Posted by Zoe Robinson, Chartered Legal Executive (Fellow)
The Domestic Abuse Bill – will it bring change?
Domestic Abuse has been a constant in the headlines recently, from questions over whether Brexit will affect the Domestic Abuse Bill to considering what domestic abuse actually means, to its link with Mental Health and wellbeing.
Those working within the domestic abuse sector are waiting with baited breath to find out how and when the Domestic Abuse Bill will come into effect and are urging the Government to prioritize the Bill to ensure vulnerable victims are protected and, that those working with victims are given the tools necessary to assist. The hope is, that with the publicity of both what domestic abuse is and the assistance that those who are victims to it can get, they will be encouraged to speak out.
Those who watch Silent Witness will have seen the harrowing effects of domestic abuse (including, coercive control, emotional and physical abuse, financial control and sexual abuse) during the two-part story line last week; it has to be a very positive move by the show to bring into the forefront of viewers’ minds, the effects of domestic abuse on the victim directly and the children witnessing it.
While it is positive that viewers were shown the effects of domestic abuse and the different forms and prevalence of it, it must be viewed with caution, in relation to the portrayal of the Judge’s reaction to one of the character’s allegations of abuse. The show is of course a dramatization of events and must be shocking to keep the viewer’s attention, but victims watching the show thinking that they will be treated in a similar way by the courts should not worry.
In reality, victims of domestic abuse should not be deterred. In recent years the courts have had to become (quite rightly) alive to the issue of domestic abuse and the effects of it both on the child and on the parent who has care of the child. The courts are obliged at all times, especially in matters relating to children, to consider allegations of domestic abuse and the effect of that abuse on both the children and the parent with care of the child.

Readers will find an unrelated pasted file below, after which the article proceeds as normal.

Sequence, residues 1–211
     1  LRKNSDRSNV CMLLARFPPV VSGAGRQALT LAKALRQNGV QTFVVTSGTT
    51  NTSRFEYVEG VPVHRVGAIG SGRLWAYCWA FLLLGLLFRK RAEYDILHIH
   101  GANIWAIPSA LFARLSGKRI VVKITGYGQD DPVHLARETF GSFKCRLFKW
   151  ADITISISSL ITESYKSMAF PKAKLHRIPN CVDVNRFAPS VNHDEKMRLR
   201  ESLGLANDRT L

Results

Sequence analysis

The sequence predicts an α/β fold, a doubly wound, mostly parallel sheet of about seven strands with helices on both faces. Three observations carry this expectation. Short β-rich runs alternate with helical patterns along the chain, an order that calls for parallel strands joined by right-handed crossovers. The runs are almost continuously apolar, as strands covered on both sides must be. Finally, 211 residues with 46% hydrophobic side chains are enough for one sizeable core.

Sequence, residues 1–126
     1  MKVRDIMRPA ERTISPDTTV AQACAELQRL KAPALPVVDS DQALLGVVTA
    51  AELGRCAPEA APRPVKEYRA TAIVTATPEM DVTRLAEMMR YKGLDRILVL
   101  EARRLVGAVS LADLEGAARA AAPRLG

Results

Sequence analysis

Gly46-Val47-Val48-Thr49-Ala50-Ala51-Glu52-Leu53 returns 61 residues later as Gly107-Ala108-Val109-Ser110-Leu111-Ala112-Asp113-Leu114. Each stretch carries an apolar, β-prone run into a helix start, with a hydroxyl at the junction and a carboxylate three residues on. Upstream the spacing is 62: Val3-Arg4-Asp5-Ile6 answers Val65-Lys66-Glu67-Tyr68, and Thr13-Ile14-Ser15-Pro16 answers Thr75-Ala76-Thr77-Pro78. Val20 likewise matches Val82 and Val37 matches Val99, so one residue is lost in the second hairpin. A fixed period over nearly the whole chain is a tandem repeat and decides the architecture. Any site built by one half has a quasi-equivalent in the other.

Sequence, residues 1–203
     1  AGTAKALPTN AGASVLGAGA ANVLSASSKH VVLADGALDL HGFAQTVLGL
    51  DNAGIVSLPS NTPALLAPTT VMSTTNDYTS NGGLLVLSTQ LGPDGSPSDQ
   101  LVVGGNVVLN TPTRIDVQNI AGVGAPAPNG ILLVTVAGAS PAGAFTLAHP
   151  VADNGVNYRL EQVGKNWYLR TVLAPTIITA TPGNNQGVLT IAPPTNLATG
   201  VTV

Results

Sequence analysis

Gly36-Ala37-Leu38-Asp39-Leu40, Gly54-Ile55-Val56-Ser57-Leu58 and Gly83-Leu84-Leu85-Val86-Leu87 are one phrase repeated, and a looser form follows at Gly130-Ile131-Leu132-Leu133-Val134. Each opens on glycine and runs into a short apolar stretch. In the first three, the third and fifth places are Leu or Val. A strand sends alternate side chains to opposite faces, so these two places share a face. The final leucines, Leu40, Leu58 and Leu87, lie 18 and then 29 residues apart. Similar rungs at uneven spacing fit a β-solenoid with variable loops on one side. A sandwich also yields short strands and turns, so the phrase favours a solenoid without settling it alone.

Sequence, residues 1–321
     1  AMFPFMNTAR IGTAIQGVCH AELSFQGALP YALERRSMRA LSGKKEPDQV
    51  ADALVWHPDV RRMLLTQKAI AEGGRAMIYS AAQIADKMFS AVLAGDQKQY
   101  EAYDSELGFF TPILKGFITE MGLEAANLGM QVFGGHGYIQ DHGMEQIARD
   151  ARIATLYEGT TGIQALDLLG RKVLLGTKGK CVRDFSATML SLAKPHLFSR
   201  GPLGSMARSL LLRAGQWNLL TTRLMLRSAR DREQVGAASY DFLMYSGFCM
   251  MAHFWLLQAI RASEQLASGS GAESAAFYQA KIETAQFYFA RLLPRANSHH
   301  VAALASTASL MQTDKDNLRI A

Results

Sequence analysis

High levels of training in domestic abuse is now required of those making decisions in courts in relation to children where there are allegations of domestic abuse, as well as obligations on the courts to consider all the reports and professional input it needs before making decisions about the safety of children. There is an assumption that children should have a relationship with both parents, however that is never at the expense of their own safety or the safety of the parent with care. Special measures are available in the forms of screens in the court room, separate entrances and exits, reserved waiting areas and videolink evidence to help those who are victims feel safe. There is absolutely more work that needs to be done and it is hoped that the bringing in of the Domestic Abuse Bill will continue to pave the way in this regard.
Here is an article I wrote back in January of 2019 that looked at the draft of the Domestic Abuse Bill and the potential changes and improvements that were originally suggested.
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